Five trailers of equipment have been sent to Brandon by the provincial government in case more flooding occurs, Infrastructure Minister Ron Schuler told the Sun on Tuesday afternoon.
These trailers contain tools like water pumps and water tubes that can be used as a barrier to protect businesses. While these trailers are based in Brandon for the time being, Schuler said they could be deployed anywhere in Westman within 30 minutes.
"(Municipalities) just have to reach out to Emergency Measures and we'll get equipment to them," he said.
The good news, according to the minister, is that the weather projections are now forecasting that a less severe storm will hit Brandon instead of another big storm as originally thought.
A flood warning and high-water advisory sent out by the province at 4:40 p.m. on Tuesday afternoon said a "moderate precipitation system" is in the forecast and could dump a further 30 to 80 millimetres of rain on southwestern and western Manitoba. While not a small amount of rain, it pales in comparison to the 155 centimetres dropped on Brandon last Sunday.
Schuler toured flood-hit areas of Westman this afternoon, meeting with fellow Progressive Conservatives MLAs Reg Helwer and Len Isleifson in the Brandon area and Eileen Clarke up near Minnedosa. The minister also visited Rivers and Rapid City, where a tornado was confirmed to have touched down on Sunday.
While in Brandon, Schuler got a first-hand look at the flooded road to Brandon Municipal Airport and a flooded underpass on Highway 110 near the junction with Provincial Road 457, accompanied by Brandon Mayor Rick Chrest.
"It's just devastating, all the water that came at your communities," he said. "It's not the amount of rain, it's how quickly it came. We had a look at Rivers dam and Minnedosa, it's unbelievable how much water washed through the community."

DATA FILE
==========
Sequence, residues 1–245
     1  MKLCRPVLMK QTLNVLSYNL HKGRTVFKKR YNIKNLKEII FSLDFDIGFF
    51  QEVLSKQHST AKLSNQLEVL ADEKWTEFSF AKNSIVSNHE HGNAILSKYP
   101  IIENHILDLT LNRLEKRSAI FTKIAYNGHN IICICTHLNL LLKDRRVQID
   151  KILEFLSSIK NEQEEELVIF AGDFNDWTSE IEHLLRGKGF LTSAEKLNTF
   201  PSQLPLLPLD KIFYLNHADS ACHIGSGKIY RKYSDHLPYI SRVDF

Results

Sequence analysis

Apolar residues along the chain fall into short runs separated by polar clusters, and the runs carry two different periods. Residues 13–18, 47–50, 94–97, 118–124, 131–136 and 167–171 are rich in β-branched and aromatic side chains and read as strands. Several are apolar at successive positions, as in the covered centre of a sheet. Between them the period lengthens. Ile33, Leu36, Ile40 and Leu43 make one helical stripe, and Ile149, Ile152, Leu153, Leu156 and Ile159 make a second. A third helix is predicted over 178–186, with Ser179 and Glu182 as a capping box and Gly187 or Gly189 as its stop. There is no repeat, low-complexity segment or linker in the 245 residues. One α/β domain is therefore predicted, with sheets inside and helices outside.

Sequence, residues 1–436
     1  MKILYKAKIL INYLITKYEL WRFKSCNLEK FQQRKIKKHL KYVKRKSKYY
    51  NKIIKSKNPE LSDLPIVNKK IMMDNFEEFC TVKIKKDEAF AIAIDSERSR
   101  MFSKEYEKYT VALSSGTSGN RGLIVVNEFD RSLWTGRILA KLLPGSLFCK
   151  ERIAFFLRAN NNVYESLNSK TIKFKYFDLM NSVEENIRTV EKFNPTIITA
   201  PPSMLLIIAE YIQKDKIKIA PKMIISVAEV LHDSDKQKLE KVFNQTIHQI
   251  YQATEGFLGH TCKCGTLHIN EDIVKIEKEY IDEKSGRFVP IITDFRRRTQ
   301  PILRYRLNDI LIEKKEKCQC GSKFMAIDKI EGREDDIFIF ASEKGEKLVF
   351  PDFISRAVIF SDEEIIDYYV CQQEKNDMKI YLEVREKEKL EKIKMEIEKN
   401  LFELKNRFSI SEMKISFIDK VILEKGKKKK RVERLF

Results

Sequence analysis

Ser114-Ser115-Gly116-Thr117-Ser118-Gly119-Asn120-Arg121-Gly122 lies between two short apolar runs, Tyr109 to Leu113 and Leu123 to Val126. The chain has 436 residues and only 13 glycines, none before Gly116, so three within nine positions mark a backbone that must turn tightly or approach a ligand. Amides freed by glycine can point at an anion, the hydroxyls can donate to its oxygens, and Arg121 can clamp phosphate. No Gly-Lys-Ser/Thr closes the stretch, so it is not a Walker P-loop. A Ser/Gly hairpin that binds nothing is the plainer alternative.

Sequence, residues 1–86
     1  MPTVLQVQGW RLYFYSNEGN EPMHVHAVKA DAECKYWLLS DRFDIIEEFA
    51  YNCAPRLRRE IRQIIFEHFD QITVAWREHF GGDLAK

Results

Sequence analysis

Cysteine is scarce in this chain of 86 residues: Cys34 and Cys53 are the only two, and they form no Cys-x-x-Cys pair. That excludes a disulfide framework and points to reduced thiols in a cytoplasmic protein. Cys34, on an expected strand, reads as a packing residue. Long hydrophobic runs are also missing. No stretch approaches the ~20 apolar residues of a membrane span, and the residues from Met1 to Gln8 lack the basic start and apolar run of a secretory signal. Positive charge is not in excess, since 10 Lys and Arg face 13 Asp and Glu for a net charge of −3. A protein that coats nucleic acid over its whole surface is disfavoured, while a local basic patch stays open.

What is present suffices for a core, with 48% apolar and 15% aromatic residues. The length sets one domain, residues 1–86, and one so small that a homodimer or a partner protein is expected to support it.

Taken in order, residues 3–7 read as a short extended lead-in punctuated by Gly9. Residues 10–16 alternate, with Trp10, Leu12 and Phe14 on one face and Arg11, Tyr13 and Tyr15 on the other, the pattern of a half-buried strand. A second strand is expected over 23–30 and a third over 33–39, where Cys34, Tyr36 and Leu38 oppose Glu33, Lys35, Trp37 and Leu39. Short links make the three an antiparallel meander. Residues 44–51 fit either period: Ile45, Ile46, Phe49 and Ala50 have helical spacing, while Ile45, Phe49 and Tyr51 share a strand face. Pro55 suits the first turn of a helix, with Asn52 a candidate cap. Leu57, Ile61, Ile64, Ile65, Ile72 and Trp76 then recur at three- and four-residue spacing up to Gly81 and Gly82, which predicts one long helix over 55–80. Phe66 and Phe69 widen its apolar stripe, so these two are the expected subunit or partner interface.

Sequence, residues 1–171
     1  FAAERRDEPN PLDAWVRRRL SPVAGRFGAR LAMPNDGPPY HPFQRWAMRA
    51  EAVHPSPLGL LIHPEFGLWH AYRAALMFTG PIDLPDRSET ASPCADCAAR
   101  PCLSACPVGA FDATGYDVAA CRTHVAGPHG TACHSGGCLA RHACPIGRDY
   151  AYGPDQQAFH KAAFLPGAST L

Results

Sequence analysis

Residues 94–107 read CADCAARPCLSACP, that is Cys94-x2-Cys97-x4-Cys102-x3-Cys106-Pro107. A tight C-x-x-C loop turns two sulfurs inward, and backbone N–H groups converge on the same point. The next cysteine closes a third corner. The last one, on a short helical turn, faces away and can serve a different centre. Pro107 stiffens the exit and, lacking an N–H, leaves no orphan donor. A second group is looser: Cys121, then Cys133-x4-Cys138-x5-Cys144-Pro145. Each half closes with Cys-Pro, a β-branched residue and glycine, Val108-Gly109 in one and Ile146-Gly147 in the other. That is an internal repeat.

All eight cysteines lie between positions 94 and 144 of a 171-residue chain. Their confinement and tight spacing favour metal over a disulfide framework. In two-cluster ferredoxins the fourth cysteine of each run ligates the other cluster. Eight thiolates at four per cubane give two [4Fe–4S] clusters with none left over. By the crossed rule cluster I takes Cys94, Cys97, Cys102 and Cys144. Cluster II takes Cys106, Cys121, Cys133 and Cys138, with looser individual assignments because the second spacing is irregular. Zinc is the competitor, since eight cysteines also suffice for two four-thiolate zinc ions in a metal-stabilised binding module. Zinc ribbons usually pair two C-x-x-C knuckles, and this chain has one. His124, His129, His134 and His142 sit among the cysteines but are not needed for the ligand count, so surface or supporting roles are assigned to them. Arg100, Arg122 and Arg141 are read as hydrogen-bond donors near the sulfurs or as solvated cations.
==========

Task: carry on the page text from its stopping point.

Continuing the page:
He said his department is paying attention to the situation and will be receptive to calls for help.
Teams from Manitoba Infrastructure will be assessing damage to provincially-owned roads and bridges in the near future.
In Brandon, the city is making plans in case the Assiniboine River floods. Municipal workers have set up pumps in areas likely to need drainage in case of a flood and preparations are being made in case the dike opening at 18th Street North at Grand Valley Road needs to be closed.
Residents are being warned to stay away from the river and stay off the dikes.
During business hours, the Civic Services Complex on Richmond Avenue offered Brandonites empty sandbags and sand and Brandon City Hall handed out cleanup kits to the occupants of flooded homes courtesy of the Canadian Red Cross. Both those facilities will be closed on Canada Day.
The Sun was unable to connect with Mayor Rick Chrest late Tuesday afternoon to get an update on the situation.
Premier Brian Pallister extended his sympathies to Westman residents during a press conference presenting an update on the province's finances in the wake of COVID-19.
"Our thoughts and prayers are with you folks in Westman right now as you endure this incredible weather event," he said.
Opposition and NDP leader Wab Kinew also sent his best wishes to flood-affected areas during an interview. Kinew said he is planning to visit the region later this week.
"We offer our full support to everybody in the area to try and help with the damage that's been done and help people directly," he said.
» Twitter: @ColinSlark
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